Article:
Bone Marrow Aspiration and Biopsy
A bone marrow biopsy removes a small amount of bone and a small amount of fluid and cells from inside the bone (Reference bone marrow Opens New Window). A bone marrow aspiration removes only the marrow. These tests are often done to find the reason for many blood disorders and may be used to find out if cancer or infection has spread to the bone marrow.
- Bone marrow aspiration removes a small amount of bone marrow fluid and cells through a needle put into a bone. The bone marrow fluid and cells are checked for problems with any of the blood cells made in the bone marrow. Cells can be checked for chromosome problems. Cultures can also be done to look for infection.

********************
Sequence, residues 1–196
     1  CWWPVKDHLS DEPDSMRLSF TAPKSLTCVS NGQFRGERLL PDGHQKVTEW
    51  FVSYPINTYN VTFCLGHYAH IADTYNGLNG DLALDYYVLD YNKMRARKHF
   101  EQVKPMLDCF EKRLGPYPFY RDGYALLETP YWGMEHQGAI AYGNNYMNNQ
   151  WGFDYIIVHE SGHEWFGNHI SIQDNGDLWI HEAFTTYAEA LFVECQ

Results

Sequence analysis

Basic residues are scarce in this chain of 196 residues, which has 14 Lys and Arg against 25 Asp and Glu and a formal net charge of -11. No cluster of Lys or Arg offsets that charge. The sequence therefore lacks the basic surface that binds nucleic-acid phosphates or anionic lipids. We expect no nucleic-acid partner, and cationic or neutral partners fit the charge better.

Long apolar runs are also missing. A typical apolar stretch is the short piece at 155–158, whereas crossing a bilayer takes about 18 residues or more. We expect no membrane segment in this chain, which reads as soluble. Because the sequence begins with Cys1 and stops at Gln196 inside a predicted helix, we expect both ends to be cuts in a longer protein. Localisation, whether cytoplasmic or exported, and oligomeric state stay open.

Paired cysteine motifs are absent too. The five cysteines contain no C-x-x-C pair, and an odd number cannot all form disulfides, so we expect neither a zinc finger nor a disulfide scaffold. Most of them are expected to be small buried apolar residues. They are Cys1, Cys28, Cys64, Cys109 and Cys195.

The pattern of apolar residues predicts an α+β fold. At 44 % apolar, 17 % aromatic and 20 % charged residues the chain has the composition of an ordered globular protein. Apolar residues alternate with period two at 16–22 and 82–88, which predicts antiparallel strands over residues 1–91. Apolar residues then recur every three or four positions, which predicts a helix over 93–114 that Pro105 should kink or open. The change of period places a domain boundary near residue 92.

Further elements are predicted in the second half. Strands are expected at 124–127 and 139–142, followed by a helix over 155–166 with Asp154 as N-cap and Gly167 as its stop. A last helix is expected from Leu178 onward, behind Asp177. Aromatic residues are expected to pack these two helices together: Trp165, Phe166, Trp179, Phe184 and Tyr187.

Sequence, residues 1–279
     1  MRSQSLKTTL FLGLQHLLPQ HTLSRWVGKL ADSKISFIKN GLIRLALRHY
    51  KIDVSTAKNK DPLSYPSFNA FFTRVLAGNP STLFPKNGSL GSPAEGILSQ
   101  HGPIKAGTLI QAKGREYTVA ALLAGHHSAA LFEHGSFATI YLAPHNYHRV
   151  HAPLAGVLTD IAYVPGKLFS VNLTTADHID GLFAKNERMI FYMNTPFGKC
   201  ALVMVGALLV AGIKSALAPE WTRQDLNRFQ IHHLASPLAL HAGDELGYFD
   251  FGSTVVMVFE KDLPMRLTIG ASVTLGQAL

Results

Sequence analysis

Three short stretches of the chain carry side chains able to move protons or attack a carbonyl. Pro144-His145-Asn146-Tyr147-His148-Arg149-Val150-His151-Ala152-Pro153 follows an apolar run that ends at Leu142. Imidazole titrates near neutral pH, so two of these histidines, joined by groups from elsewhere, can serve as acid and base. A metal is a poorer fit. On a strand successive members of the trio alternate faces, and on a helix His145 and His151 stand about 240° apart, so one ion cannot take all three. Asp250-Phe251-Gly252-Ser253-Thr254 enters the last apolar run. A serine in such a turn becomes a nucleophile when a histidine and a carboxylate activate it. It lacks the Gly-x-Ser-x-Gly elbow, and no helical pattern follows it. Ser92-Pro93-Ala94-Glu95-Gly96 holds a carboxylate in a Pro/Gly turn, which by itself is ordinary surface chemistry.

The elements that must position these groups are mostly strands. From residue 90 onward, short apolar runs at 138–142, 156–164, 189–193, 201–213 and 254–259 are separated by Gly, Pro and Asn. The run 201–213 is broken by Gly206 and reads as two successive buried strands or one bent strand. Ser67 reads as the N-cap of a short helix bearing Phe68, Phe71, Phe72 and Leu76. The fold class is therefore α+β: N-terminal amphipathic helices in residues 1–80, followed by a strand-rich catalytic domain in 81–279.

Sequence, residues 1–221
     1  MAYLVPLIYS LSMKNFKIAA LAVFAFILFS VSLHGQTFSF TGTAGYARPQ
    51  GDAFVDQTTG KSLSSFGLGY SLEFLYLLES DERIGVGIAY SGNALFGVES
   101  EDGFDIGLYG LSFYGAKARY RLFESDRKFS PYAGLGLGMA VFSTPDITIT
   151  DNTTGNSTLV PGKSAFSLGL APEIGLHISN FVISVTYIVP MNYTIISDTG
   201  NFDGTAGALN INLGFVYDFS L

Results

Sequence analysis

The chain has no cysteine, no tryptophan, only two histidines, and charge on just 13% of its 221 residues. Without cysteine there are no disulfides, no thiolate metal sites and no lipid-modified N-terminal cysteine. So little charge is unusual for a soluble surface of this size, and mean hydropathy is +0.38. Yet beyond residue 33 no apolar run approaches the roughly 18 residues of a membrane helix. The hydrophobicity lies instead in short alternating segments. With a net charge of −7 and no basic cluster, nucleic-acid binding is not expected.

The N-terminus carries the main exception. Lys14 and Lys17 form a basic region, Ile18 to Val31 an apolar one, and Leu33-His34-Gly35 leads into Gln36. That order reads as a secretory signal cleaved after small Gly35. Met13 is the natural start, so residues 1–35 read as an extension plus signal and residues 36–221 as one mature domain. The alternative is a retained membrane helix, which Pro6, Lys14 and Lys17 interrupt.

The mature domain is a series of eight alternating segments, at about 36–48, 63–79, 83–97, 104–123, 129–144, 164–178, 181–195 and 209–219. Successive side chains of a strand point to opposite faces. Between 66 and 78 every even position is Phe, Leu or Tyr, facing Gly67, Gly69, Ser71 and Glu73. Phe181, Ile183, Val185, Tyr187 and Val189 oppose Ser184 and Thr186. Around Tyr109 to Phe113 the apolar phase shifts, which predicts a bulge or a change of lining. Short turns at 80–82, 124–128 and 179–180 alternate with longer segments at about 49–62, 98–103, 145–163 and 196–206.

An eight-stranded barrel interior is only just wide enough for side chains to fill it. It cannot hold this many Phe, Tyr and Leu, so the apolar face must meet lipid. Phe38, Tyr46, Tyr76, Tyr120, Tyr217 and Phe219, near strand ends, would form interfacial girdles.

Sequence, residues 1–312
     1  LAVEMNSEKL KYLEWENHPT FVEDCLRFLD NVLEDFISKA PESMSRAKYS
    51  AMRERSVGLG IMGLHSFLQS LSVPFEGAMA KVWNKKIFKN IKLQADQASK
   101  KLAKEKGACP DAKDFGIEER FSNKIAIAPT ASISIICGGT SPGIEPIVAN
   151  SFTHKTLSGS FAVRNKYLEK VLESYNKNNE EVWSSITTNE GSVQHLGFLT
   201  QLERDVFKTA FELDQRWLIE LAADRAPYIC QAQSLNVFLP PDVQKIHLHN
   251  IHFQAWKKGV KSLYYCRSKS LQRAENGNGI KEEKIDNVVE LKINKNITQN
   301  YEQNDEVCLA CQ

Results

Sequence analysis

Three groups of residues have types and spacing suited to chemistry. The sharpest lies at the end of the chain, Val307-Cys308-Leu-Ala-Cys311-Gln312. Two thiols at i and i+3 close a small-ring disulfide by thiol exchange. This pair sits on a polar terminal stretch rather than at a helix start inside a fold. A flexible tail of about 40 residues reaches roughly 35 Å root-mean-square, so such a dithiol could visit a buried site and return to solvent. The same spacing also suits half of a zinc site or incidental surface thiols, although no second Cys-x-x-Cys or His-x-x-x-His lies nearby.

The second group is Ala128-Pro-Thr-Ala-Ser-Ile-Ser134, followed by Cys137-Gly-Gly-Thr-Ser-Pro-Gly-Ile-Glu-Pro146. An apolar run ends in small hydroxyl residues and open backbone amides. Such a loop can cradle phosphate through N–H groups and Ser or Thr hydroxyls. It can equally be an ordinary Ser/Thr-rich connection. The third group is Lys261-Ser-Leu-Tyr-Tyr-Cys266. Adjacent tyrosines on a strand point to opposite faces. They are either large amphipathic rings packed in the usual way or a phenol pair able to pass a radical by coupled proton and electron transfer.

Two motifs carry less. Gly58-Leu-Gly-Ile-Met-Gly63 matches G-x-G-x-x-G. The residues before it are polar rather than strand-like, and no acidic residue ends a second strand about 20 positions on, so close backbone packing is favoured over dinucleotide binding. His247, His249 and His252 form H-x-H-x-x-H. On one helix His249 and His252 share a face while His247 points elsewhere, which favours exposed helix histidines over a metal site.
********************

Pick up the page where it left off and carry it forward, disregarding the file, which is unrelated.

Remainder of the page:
- A bone marrow biopsy removes bone with the marrow inside to look at under a microscope. The aspiration (taking fluid) is usually done first, and then the biopsy.
A bone marrow aspiration can also be done to collect bone marrow for medical procedures, such as Reference stem cell transplant Opens New Window or Reference chromosomal analysis Opens New Window. For a stem cell transplant, bone marrow aspiration will be done at several places on the body (generally from the back of the pelvic bone) to remove enough bone marrow cells for the transplant to work.
|By:||Reference Healthwise Staff||Last Revised: Reference November 12, 2010|
|Medical Review:||Reference E. Gregory Thompson, MD - Internal Medicine
Reference Brian Leber, MDCM, FRCPC - Hematology